A rise in Class 4 national insurance contributions (NICs) paid by self-employed people was amongst the measures announced by Chancellor Philip Hammond in the Budget on Wednesday.
Hammond said that the rate for Class 4 NICS would rise from 9% to 10% in April 2018. It will go up again, to 11%, in 2019. Employees currently pay national insurance at a rate of 12%.
In his Budget speech, Hammond pointed out that an employee who earns £32,000 a year will pay £6,170 in NICs, while a self-employed worker on the same salary pays just £2,300.
He claimed that “such dramatically different treatment of two people earning essentially the same undermines the fairness of our tax system”.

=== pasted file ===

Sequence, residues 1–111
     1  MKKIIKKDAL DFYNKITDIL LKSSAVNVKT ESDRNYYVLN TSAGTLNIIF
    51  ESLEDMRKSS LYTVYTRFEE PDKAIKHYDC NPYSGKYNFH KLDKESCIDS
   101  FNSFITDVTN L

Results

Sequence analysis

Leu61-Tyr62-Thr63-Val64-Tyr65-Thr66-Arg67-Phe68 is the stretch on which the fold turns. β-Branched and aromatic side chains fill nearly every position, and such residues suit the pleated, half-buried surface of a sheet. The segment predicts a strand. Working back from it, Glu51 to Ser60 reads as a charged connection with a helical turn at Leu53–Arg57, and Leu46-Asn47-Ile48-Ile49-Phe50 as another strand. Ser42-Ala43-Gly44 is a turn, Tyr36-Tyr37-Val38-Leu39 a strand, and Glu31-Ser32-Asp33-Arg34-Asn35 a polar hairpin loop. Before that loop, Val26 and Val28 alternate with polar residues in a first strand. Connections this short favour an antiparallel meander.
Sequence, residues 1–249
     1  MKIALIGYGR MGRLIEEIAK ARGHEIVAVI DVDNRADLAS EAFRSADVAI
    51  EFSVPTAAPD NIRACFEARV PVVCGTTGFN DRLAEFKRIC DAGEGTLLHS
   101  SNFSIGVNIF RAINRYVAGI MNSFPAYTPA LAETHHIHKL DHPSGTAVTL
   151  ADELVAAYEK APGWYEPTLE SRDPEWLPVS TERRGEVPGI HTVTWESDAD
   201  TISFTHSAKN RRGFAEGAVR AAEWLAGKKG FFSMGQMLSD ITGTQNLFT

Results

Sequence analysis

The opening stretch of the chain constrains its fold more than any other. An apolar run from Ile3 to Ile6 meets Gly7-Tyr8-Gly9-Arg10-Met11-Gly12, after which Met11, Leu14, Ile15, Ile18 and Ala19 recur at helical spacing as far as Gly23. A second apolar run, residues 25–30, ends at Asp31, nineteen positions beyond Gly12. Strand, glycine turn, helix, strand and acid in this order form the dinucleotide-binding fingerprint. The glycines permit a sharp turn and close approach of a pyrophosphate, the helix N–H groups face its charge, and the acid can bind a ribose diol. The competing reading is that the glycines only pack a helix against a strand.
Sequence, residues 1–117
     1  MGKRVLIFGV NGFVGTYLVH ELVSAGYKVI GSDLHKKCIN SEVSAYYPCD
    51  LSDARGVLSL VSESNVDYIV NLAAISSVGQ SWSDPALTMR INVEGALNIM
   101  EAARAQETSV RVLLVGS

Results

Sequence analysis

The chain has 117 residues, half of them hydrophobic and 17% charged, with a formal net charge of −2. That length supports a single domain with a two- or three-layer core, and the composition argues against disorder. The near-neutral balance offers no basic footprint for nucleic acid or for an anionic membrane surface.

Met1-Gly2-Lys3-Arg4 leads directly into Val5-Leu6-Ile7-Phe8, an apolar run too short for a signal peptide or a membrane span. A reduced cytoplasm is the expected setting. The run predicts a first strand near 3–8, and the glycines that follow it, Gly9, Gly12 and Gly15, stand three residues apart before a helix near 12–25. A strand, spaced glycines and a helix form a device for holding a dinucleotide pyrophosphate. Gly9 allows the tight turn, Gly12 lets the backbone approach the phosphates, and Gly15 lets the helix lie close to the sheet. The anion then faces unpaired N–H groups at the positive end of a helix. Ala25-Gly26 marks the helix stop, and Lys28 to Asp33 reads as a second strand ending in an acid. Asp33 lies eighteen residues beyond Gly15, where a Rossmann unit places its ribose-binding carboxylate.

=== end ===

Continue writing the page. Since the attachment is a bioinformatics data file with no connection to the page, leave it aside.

Self-employed people have traditionally paid lower NICS than employees because they received fewer state benefits.
But the Chancellor said that the difference in NICs was “no longer justified”, arguing that the self-employed now had equal access to the new state pension.
Commentators noted that the decision goes against the Conservatives’ election manifesto promise, which committed the Government to “no increases in VAT, Income Tax or National Insurance”.
The increase will cost those affected an average of 60p a week.
However, those earning less than £16,250 will be better off because of a planned abolition of of a different class of NICs, Class 2, in April 2018.
Think tank the Resolution Foundation said this week that “the real debate about tax and the self-employed lies not in the National Insurance individuals directly pay but with the fact that firms pay 13.8% employer National Insurance for everyone they employ, but nothing if they use self-employed labour”.